Waterborne pathogens may not be first on your hospital’s list of priorities—perhaps because you haven’t seen an outbreak—but that doesn’t mean it’s not a risk in your facility, particularly if you have ornamental water structures.
Hospitals are by far the most at risk for legionella outbreaks of any building, says Tim Keane, consultant for Environmental Infection Control Consultants in Chalfont, PA, and author of the Guidelines for Control of Legionella in Ornamental Water Features.
“There is no structure built in America—none—that has the risk factors of a hospital building for growing and culturing legionella,” Keane says.
Furthermore, waterborne pathogens can be a significant financial burden on hospitals. Researchers at the CDC presented a study at the International Conference on Emerging Infectious Diseases, which determined waterborne illnesses—including legionella—cost the healthcare system as much as $539 million annually.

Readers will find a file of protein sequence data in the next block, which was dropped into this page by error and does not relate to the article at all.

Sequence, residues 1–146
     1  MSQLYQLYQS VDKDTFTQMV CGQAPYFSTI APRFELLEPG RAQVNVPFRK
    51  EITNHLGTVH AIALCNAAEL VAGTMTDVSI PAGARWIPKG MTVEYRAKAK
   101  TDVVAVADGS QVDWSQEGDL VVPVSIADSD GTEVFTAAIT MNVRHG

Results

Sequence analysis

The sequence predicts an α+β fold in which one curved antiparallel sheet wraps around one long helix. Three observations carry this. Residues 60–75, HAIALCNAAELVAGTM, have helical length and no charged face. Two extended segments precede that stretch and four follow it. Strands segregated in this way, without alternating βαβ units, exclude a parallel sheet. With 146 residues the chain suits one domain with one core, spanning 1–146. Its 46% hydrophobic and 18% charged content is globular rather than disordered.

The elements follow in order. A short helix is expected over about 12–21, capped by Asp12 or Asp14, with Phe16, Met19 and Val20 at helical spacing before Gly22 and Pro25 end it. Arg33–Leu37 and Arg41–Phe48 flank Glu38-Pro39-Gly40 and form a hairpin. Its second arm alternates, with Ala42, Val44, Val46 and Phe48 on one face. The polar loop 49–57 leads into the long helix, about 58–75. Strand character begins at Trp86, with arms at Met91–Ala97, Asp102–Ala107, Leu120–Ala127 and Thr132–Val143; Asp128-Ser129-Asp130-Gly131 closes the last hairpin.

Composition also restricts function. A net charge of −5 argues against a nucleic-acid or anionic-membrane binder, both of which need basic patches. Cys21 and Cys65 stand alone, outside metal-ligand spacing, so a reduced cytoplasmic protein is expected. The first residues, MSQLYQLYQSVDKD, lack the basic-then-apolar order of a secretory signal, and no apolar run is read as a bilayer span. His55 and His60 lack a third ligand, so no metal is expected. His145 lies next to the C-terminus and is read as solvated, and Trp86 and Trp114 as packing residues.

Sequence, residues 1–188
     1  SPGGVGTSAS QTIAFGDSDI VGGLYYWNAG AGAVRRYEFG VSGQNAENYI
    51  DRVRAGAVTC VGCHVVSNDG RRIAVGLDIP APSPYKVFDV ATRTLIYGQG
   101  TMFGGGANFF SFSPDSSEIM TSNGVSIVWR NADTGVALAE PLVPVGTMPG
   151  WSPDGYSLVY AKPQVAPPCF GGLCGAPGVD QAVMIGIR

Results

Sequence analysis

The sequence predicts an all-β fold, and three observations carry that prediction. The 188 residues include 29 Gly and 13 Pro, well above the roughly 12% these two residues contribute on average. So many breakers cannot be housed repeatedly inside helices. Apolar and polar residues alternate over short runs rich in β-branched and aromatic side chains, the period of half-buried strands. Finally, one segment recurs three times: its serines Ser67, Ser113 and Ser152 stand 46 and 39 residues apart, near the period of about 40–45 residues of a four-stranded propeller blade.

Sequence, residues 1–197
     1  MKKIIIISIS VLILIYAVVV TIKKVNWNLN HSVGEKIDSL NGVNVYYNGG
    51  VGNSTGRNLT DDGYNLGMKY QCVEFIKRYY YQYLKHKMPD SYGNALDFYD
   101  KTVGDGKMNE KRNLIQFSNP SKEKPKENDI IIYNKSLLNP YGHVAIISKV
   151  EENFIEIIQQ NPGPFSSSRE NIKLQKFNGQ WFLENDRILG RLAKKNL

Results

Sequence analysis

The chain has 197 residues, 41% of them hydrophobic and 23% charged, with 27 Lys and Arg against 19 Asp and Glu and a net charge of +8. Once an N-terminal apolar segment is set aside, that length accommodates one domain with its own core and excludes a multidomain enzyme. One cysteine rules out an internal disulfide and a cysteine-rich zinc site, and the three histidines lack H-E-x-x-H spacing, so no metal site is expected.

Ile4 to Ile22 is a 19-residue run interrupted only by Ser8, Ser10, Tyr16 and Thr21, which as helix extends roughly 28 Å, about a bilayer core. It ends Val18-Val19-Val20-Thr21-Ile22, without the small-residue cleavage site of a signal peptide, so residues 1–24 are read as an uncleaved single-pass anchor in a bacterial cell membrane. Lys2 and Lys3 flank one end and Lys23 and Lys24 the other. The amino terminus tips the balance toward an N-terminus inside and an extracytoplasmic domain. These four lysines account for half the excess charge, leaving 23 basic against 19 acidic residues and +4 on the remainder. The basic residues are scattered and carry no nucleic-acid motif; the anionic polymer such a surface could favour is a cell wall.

“These cost data highlight that water-related diseases pose not only a physical burden to the thousands of people sickened by them each year, but also a substantial burden in health care costs, including direct government payments through Medicare & Medicaid," says Michael Beach of the CDC.
Joint Commission requirements and legal backlash
Under EC.02.05.01, The Joint Commission requires healthcare facilities to manage risks associated with their utility systems, including “engineering controls of waterborne pathogens in potable water, cooling tower systems, and other aerosolized water systems.”